I believe that Lord Buddha’s wisdom can provide a great many people with the feeling of resplendent sunlight shining from within. Thank you, Seattle, for the bright sunshine. Each time it lets me see you at your most beautiful.

The second time at Harvard University, I participated in a dialogue on brain and meditation with some neuroscientists. In my speech, I expressed my view on the findings of neuroscience from a Buddhist perspective. Scientists have discovered that the mind can reshape the brain. Although this is very close to the Buddhist view, the current findings in science are analogous to seeing the water that moves when a fish swims near the, but not the fish itself—that is, only seeing some traces of the movement of consciousness.

I gave a talk about the value of life at UC Berkeley. We can always find new hope and purpose through a proactive and optimistic outlook on life.

At George Washington University, I had a dialogue with a scientist and a philosopher on consciousness, self and meditation. The scientist found in his initial study that meditation is shown to have anti-aging benefits, which is very similar to the Buddhist view.

Dr. Martha Herbert is an Assistant Professor of Neurology at Harvard Medical School and director of the TRANSCEND Research Program. She has studied autism, one of her main research interests, for more than twenty years. She gave me her book, The Autism Revolution, which is worth reading by parents of children with autism.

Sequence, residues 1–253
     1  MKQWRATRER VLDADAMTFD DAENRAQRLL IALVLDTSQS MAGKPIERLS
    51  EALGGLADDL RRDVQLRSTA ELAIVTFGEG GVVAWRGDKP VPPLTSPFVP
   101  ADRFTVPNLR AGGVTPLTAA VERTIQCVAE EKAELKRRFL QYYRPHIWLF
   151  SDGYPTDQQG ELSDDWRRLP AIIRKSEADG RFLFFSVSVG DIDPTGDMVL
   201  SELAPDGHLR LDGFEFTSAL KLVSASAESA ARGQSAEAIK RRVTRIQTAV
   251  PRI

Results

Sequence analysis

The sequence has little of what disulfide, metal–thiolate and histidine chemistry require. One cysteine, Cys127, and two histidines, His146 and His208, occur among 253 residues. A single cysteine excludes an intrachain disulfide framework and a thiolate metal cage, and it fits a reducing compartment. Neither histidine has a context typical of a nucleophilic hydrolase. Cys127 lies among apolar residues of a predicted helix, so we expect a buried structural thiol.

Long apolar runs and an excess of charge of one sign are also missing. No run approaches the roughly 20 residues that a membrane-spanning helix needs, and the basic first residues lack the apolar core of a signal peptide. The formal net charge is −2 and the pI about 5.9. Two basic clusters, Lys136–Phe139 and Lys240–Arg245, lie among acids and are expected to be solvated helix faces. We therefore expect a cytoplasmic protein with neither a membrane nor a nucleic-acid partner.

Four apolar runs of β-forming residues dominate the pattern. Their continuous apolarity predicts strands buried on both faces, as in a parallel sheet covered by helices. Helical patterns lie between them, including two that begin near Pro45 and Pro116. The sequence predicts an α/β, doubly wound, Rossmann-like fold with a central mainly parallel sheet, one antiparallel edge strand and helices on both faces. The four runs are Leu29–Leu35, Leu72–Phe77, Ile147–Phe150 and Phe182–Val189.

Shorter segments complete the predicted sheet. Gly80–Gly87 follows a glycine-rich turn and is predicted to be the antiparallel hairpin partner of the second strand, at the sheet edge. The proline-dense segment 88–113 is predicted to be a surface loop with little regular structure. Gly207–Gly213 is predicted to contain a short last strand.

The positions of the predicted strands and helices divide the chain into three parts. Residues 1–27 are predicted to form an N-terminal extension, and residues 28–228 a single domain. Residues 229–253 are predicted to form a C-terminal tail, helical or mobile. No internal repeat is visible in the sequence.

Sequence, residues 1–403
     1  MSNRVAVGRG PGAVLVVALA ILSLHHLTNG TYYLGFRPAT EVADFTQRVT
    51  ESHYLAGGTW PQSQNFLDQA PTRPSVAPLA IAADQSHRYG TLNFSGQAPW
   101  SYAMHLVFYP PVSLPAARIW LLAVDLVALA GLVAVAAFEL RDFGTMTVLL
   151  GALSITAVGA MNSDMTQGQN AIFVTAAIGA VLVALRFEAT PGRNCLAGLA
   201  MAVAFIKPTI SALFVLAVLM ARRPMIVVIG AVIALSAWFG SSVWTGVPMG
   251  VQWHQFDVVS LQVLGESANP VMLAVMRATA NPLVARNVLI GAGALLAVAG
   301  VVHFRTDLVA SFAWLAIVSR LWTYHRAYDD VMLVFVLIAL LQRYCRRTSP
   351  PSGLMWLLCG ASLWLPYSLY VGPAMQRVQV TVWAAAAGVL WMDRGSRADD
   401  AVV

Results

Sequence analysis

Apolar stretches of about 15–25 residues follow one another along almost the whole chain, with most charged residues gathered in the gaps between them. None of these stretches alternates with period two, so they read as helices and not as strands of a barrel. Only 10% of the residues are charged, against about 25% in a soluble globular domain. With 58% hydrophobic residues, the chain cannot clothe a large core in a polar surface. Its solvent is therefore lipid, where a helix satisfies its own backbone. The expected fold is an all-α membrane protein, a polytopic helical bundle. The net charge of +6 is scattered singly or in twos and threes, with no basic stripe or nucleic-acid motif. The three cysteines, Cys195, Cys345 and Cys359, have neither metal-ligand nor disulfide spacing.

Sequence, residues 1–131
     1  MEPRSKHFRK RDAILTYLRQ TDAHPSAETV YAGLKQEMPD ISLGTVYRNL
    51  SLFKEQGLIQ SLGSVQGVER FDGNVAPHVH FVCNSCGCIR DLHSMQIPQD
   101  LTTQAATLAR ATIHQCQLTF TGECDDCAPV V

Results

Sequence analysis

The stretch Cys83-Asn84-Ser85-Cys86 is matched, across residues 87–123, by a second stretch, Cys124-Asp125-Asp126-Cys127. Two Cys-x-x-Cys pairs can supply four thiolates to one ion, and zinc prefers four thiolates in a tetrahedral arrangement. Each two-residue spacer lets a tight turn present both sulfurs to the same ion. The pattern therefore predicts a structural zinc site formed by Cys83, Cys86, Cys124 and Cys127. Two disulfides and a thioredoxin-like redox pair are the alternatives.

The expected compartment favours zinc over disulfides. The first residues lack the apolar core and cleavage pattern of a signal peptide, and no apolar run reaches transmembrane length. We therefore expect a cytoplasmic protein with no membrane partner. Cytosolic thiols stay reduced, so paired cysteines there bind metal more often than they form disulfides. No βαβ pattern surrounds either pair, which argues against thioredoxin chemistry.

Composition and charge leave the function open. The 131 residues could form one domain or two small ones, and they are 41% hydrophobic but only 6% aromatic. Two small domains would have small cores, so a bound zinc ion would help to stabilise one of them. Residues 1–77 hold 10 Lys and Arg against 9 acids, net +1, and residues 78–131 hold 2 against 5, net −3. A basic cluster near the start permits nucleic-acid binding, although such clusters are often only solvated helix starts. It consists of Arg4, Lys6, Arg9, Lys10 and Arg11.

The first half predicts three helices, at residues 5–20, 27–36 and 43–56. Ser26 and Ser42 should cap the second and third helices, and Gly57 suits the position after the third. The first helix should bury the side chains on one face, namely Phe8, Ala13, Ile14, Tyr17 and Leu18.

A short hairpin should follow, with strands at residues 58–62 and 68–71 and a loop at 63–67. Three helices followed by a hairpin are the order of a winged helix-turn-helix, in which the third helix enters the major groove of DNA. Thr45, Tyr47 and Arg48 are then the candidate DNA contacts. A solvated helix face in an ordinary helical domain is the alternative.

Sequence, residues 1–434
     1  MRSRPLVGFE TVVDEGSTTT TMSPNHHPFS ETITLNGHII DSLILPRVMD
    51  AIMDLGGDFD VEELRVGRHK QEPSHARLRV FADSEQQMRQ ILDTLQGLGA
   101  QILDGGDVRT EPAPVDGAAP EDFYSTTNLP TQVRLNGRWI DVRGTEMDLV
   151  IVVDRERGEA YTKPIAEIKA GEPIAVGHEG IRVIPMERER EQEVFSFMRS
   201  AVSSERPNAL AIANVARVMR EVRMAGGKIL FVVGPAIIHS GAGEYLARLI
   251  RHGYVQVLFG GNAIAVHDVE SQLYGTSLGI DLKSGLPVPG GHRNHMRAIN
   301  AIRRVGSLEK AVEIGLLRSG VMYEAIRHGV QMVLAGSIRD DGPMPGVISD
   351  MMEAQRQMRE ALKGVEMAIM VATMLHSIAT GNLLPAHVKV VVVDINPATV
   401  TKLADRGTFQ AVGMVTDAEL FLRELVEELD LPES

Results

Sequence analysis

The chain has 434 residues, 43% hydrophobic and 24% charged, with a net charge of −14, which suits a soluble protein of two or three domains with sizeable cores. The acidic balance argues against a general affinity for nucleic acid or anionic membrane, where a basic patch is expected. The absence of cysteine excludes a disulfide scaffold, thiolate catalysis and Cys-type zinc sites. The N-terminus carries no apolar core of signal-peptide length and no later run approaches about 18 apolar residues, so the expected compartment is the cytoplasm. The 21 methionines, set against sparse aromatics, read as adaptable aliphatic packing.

Here is a retreat center on the west coast of the United States, where many people are doing a three-year retreat. It would help you make progress in your practice if you could find a quiet place nearby to meditate for a few days during public holidays every year.

Neuroscientists at Harvard Medical School have studied for more than ten years how meditation affects the brain. They discovered that meditation is effective in treating depression. By using the same technique that we frequently mention, meditation can no doubt treat depression.

Google invited me and a neuroscientist to their headquarters to discuss consciousness from both the Buddhist and scientific perspectives. Presently, the view of mainstream neuroscience on consciousness remains where it was more than one hundred years ago. But my co-speaker was optimistic about the ongoing conversation between Buddhism and science.

Seasons move from autumn back to spring again. Days move when today turns back to yesterday. Time, an abstract concept based on the change in physical matter, cannot exist on its own. We, however, pay more and more attention to time and see it as the one thing we lack the most.